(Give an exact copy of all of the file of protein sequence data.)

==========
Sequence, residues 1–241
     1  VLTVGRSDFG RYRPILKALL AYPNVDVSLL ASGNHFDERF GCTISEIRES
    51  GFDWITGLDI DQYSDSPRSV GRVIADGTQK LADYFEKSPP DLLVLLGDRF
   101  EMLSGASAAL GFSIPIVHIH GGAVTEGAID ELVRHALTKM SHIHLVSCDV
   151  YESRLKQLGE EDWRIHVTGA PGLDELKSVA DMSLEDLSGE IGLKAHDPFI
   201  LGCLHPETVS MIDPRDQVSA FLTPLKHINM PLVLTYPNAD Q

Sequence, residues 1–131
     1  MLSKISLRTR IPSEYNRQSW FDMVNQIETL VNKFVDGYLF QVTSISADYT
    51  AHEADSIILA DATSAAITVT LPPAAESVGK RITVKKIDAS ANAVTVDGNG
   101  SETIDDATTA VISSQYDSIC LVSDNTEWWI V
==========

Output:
Sequence, residues 1–241
     1  VLTVGRSDFG RYRPILKALL AYPNVDVSLL ASGNHFDERF GCTISEIRES
    51  GFDWITGLDI DQYSDSPRSV GRVIADGTQK LADYFEKSPP DLLVLLGDRF
   101  EMLSGASAAL GFSIPIVHIH GGAVTEGAID ELVRHALTKM SHIHLVSCDV
   151  YESRLKQLGE EDWRIHVTGA PGLDELKSVA DMSLEDLSGE IGLKAHDPFI
   201  LGCLHPETVS MIDPRDQVSA FLTPLKHINM PLVLTYPNAD Q

Sequence, residues 1–131
     1  MLSKISLRTR IPSEYNRQSW FDMVNQIETL VNKFVDGYLF QVTSISADYT
    51  AHEADSIILA DATSAAITVT LPPAAESVGK RITVKKIDAS ANAVTVDGNG
   101  SETIDDATTA VISSQYDSIC LVSDNTEWWI V